In an aspect of the present invention, an instant message delivery environment is provided, which integrates multiple protocols and notification services to provide a more robust, intelligent technique of synchronous communication.
Additional features and advantages are realized through the techniques of the present invention. Other embodiments and aspects of the invention are described in detail herein and are considered a part of the claimed invention.
The subject matter which is regarded as the invention is particularly pointed out and distinctly claimed in the claims at the conclusion of the specification. The foregoing and other objects, features, and advantages of the invention are apparent from the following detailed description taken in conjunction with the accompanying drawings in which:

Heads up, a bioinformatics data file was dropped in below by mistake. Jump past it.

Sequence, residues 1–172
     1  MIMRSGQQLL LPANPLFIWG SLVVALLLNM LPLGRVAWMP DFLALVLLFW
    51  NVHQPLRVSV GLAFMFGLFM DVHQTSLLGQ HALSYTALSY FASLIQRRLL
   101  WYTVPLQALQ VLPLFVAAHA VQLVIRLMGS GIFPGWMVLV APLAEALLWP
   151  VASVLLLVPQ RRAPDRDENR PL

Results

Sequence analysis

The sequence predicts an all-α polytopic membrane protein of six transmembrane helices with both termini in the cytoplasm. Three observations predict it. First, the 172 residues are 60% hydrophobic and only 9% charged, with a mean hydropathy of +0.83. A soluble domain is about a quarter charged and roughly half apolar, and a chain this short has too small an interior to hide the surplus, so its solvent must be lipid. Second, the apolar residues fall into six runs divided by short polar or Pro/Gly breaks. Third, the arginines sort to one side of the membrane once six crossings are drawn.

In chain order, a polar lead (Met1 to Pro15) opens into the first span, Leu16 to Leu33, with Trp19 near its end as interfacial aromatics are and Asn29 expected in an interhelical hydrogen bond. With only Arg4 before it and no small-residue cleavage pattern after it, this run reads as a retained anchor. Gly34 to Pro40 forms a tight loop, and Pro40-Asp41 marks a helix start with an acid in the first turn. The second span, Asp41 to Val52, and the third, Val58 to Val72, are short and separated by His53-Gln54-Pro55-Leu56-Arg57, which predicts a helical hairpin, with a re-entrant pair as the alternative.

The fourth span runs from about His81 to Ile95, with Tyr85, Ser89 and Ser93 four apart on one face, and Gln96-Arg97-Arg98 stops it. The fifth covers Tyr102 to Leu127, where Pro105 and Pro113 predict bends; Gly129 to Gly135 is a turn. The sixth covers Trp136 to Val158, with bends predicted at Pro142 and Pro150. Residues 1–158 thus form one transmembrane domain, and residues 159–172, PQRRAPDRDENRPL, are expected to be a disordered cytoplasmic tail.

In accordance with an aspect of the present invention, a messaging environment is provided, in which delivery managers (i.e., routing logic modules) are plugged in, dynamically configured at run-time, and used to control the routing of instant messages from users to intended recipients (e.g., other users). The delivery managers determine and apply delivery policies, which are based on user configurations, currently available delivery mechanisms, and the configuration of the delivery managers, to route the messages.
One embodiment of a computing environment incorporating and using aspects of the present invention is depicted in
Executing on at least one of the computing units (e.g., Computing Unit 1) are one or more client applications that wish to send instant messages to one or more intended recipients (such as, users on Computing Unit 2 or other computing units). The client applications run in a messaging environment, which supports multiple diverse delivery managers that are responsible for routing the messages.